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Our lead ally in Connecticut is Advancing Connecticut Together. ACT is an umbrella agency that includes several organizations that address the root causes of poverty, addiction, and health inequities through strength-based services and advocacy to ensure all people in Connecticut have equitable resources necessary to achieve multi-generational health, wealth, and happiness.

2023 State Early Childhood Policy Environment and Progress

State early childhood policy progress is dependent both on the state’s policy environment and the numerous efforts — by those listed on this page and many others — who worked both independently and collaboratively to achieve wins for young children.

Early Childhood Landscape:

Research shows that family economic security is foundational to children’s overall wellbeing. Research also shows that widespread disparities in opportunity (especially by race) drive wide disparities in outcomes. States with policies that offer strong support to young children and their families are more likely to see 1) declining numbers of children in low-income households and 2) low racial disparity among those children. 

Young Children in Low-Income Households: Declining

Approximately 29% (96,000) of the state’s children 0-8 live in households below 200% of the Federal Poverty Level (2021). This number represents a decrease from 33% (113,000) in 2016.1

Racial Disparity Among Young Children Living in Low-Income Households: High

Black, Hispanic/Latino, and/or Native children aged 0-8 are significantly more likely to be living in households below 200% of the Federal Poverty Level than are Asian and non-Hispanic White children.2

Advocacy Landscape:

State General Fund Appropriations: Growing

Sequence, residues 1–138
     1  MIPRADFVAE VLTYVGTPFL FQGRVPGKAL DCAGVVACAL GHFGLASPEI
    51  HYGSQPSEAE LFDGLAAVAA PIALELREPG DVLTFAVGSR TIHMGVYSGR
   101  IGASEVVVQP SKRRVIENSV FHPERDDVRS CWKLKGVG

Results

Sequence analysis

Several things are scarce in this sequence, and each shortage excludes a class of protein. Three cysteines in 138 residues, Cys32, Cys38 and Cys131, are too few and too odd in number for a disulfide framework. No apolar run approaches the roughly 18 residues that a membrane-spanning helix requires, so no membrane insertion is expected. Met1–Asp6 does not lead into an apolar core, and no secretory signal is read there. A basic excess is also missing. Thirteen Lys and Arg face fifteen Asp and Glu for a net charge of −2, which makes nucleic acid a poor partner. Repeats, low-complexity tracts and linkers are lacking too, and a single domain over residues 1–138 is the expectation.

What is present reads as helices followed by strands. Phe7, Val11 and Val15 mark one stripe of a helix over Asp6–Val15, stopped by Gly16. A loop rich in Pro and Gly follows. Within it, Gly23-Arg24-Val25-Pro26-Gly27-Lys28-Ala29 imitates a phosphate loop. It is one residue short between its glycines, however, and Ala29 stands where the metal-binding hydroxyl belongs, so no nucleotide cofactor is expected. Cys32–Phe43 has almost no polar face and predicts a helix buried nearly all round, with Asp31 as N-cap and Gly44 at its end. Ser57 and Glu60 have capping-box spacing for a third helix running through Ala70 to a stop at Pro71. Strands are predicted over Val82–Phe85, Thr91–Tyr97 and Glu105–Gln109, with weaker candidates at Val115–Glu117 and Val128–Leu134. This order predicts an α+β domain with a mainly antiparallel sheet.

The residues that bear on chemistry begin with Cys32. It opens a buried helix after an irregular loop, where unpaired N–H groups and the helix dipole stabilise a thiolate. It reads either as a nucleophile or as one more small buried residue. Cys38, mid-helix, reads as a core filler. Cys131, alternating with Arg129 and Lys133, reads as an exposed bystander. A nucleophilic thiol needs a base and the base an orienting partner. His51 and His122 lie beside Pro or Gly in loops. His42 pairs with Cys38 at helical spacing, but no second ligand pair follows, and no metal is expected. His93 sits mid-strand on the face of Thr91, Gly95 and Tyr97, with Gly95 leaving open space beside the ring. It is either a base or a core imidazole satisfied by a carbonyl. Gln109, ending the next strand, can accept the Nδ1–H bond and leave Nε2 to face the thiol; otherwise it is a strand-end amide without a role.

On June 12, Connecticut Governor Ned Lamont signed the state’s budget covering fiscal years 2024 and 2025. The budget provides total funds of $25.1 billion in fiscal 2024, an increase of $922.8 million, or 3.8 percent, over fiscal 2023, and total funds of $25.99 billion in fiscal 2025, an increase of $875.6 million, or 3.5 percent, over fiscal 2024.3

Largest Per Capita Revenue Sources (after federal transfers) (FY 2021):4

    • Property Taxes: $3,300 per capita
    • Sales Tax: $2,852 per capita

Permanent State Funding Stream Dedicated to Early Childhood: Yes

Since 2014, Connecticut has been expanding pre-k with funds from the Tobacco Master Settlement Agreement. Smart Start grants fund preschool classrooms in public school buildings and are budgeted at $10 million per year through 2025.

Political Alignment: Aligned Democrat

During the 2023 session, the state’s Senate and House were both Democrat  controlled. The state’s Governor was also a Democrat.5

Types of Common Ballot Measures Available:6  One

    • Legislature-Initiated Constitutional Amendments – A constitutional amendment that appears on a state’s ballot as a ballot measure because the state legislature in that state voted to put it before the voters.

Early Childhood Policy Advocacy Organizations Include:

Early Childhood Policy Advocacy Multi-State Initiatives Include:7

2023 Policy Progress:

In Connecticut, advocates are celebrating a long list of successes that will help young children and their families thrive in the near term, and for years to come.

Highlights from the state’s early childhood policy advocacy community include5: